“In the beginning was the act.” Sigmund Freud, Totem and Taboo

So concludes Sigmund Freud’s Totem and Taboo, bringing to term Freud’s fantasy of the murder of the father of the primal horde and the construction of the Totem as its signifier. This mythical act represents the effraction constituted by the subjection of the human being to a symbolic order that cuts the speaking being off from the enjoyment of total and immediate satisfaction. The speaking being is thereafter subject to the law of castration and the excess (jouissance) constituted by language and the signifier of the defect, lack, and absence of the barred Other. As a praxis, psychoanalysis is an act that transpires in the frame of speech. Freud’s so-called “talking cure,” which inaugurates psychoanalytic experience and the contemporary therapies that rely upon speech as their medium, is itself a specific kind of act. It is a speech act that results in effects, or evidence, that arise in relation to the act and stance the analyst adopts in the face of the patient’s demand for a cure. But the ethical act of the analyst results in evidence that must be differentiated from other so-called “evidence-based” approaches. While those approaches find their validity in experimental models of repeated measures, our practice results in the singularity of the case in which the analysand, invited through transference, moves from the position of the patient to that of the analysand. This transference moves beyond the transference Freud defined as a form of “resistance”: it entails a shift from an address to the person of the analyst to the work of the unconscious itself, whose frame the analyst takes responsibility for constituting case by case. The analyst’s act aims at maintaining and sustaining that frame. Our work will focus on the question of the act in psychoanalysis, and most specifically the analytic act as opening up a space for speech.

In focusing on the analytic act the Analysts of the School will take stock of what Lacan’s knowledge introduces into the theory and clinical practice of psychoanalysis. What is the effect of the cut in the so-called variable length session? How can we think about Lacan’s dictum that the interpretation of the analyst falls somewhere between a “direct quote and an enigma” in terms of the analytic act?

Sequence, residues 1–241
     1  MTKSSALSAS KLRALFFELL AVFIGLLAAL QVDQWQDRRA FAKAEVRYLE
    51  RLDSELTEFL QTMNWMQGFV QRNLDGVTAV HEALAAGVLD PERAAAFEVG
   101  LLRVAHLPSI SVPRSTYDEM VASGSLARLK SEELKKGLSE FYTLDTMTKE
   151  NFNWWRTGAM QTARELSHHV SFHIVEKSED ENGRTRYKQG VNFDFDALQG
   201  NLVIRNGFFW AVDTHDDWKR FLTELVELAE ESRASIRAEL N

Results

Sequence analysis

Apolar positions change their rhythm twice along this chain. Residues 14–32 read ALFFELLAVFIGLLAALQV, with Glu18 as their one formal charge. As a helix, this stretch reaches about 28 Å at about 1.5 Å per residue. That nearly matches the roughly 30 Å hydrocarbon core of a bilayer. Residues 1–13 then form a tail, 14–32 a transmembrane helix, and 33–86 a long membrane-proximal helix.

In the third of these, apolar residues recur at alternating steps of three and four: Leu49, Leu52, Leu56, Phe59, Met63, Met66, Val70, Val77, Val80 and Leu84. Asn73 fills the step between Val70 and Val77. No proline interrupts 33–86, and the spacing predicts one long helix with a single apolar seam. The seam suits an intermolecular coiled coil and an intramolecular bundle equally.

This year’s training weekend will focus on the analytic act as a speech act that results in effects: a response from the unconscious of the analysand. It is this response–itself a rupture from the ego’s discourse—which serves as the evidentiary basis for analytic experience.

Faculty: Christopher Meyer, PhD, Raul Moncayo, PhD, Marcelo Estrada, Ben Davidson, PhD, Fernando Castrillon, PhD, Annie Rogers,PhD Bret Fimiani, PsyD, Stephanie Swales, PsyD (?)
When: February 21, 22, (possibly 23)
Day and Time: Friday, 2:00-6:00; Saturday, 9:30am-5pm, Possibly Sunday
Location: TBA, Los Angeles/Beverly Hills
Contact: Christopher Meyer, PhD (323) 930-9662,
Fees: $180.00/students $60.00.

This course is approved by the Medical Board of California to train Research Psychoanalysts and by the California Psychological Association to provide Continuing Education Units for Licensed Psychologists. This course is approved by the Board of Behavioral Sciences to provide Continuing Education Units for Marriage and Family Therapists and Psychiatric Social Workers. LSP maintains responsibility for this program and its content.